Tiffany’s team of health professionals will develop a website specific to the health concerns of residents living in the West End, a neighborhood identified as one of the ten poorest in Cincinnati.2 To reach the largest audience, Tiffany and her colleagues will engage with the West End Community Research Advisory Board (WE C-RAB), a 20-member group ranging in age from 12 to 73 years. The board will provide input on how to make health information easy-to-read and understand as well as access. Based on their conversations, Tiffany’s project team will develop a customized health information kiosk to be located in a strategically determined geographic location in the West End. Under consideration are Saint Vincent DePaul, the Carl H. Lindner YMCA, or the Seven Hill Neighborhood Houses. The health information kiosk will be managed remotely allowing for software updates. Google Analytic reports will assist in evaluating website usage and video views to gain insight into the information seeking behavior of the targeted population. Additionally, a self-monitoring blood pressure unit will be purchased. The machine can count the number of uses but not the number of unique users. Also, as part of engagement, a nutritionist and a culinary instructor will teach several classes to educate West End families about the role of developing better eating habits such as less salt intake, more fruits and vegetables, meal planning, and moderation of fast-foods. The goal is for obesity, diabetes, and hypertension to improve for the West End population as a result of the health literacy project.
I’m thrilled to announce that the GMR has funded the Effingham Public Library‘s Mobility for All program!
Description: Effingham Public Library will partner with the National Network of Libraries of Medicine to provide “Mobility for All” a monthly chair yoga training that will provide strengthening exercises that anyone can do as well. During these sessions the Library will offer instruction and free resources from the National Library of Medicine such as Exercise & Physical Activity: Your Everyday Guide from the National Institute on Aging, Getting Fit for Life and Go 4 Life Tip Sheets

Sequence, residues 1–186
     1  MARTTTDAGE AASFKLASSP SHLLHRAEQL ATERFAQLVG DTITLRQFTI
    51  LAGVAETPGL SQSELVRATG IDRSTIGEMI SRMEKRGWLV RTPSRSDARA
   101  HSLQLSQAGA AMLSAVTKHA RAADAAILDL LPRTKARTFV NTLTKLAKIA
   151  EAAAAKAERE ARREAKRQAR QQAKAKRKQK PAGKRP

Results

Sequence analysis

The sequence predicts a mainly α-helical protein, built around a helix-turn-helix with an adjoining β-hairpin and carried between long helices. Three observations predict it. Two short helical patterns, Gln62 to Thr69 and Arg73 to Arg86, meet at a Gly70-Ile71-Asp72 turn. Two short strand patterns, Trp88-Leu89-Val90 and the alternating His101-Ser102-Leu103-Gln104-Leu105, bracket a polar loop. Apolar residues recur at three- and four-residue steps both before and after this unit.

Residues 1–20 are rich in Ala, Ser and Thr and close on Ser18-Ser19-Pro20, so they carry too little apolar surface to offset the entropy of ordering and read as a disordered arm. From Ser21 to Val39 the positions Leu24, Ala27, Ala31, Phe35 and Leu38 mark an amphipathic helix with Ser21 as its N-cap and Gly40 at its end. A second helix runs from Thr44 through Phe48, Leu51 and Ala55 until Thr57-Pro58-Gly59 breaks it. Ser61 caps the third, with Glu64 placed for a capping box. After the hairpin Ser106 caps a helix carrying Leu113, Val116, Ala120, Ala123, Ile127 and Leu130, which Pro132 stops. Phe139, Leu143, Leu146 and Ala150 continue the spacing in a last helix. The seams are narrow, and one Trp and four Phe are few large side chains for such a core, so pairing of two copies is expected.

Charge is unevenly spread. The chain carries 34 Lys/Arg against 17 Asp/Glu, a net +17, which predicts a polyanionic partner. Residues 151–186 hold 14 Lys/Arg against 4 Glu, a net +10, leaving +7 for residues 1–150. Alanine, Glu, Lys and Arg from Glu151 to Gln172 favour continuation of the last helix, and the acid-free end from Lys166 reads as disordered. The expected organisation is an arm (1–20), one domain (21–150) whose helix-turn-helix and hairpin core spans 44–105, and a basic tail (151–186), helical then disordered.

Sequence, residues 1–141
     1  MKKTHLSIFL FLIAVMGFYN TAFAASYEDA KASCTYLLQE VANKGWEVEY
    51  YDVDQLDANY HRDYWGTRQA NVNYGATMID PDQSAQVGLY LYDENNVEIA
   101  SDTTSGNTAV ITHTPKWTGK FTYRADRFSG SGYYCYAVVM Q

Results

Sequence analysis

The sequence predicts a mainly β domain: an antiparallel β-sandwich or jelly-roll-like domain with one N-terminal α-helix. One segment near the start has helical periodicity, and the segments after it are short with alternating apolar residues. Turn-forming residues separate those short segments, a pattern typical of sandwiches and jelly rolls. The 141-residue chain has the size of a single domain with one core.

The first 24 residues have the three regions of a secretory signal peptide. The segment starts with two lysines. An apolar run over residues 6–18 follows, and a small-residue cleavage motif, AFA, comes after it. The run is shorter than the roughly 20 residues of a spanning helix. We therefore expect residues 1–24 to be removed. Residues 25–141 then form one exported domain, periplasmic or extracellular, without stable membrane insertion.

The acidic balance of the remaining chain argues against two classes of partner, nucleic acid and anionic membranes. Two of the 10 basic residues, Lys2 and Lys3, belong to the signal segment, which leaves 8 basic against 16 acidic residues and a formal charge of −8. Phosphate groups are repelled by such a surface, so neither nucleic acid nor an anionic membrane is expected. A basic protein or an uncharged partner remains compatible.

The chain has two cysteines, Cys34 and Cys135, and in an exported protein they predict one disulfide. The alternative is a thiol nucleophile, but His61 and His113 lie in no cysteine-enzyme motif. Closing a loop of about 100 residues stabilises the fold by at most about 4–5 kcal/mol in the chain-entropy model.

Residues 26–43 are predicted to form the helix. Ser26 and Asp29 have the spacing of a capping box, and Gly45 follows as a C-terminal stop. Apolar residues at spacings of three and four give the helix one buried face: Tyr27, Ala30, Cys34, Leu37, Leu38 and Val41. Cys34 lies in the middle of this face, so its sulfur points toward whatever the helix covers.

Goals and Objectives: The goals for “Mobility for All” are two-fold. First, “Mobility for All” will address the prevalence of overweight adults in Effingham County. Second, the project will also combat the continued increase in physical inactivity.
To meet these goals, Effingham Public Library’s “Mobility for All” will host a minimum of 150 participants in training sessions over the 12-month project. Health resources from the National Library of Medicine and National Institutes of Health will be shared with participants at each session.
The GMR office is happy to announce the funding of the Information Needs Assessment of Unaffiliated North Dakota Rural Health Professionals & Biomedical Researchers project at the University of North Dakota via our Health Information Outreach award.
Description: This is the last phase of a multi part effort to provide North Dakota unaffiliated health professionals and biomedical researchers with access to a variety of information resources, including those not freely available. Evidence-based workshops and train-the-trainer sessions will be implemented to meet the information needs of targeted groups.
Objectives: The primary goals of this project are to 1) Provide training sessions to address the information needs identified via the data and assessment of the two earlier phases of the project. And 2) Complete a comprehensive analysis of the information needs assessment data from the two earlier phases.
Cynthia Reynolds, Regional Health Sciences Librarian for the University of Illinois at Chicago’s Crawford Library of the Health Sciences, applied for and received a GMR award to reinvigorate consumer health outreach in Rockford, Illinois.
UIC’s Crawford Library serves the UIC medical school in Rockford, Illinois. As an academic library, its primary users are pharmacy, nursing, and medicine students and faculty. However, the Crawford Library also has a mission to serve Rockford and the surrounding communities in Winnebago County with a Consumer Health Collection open to the public.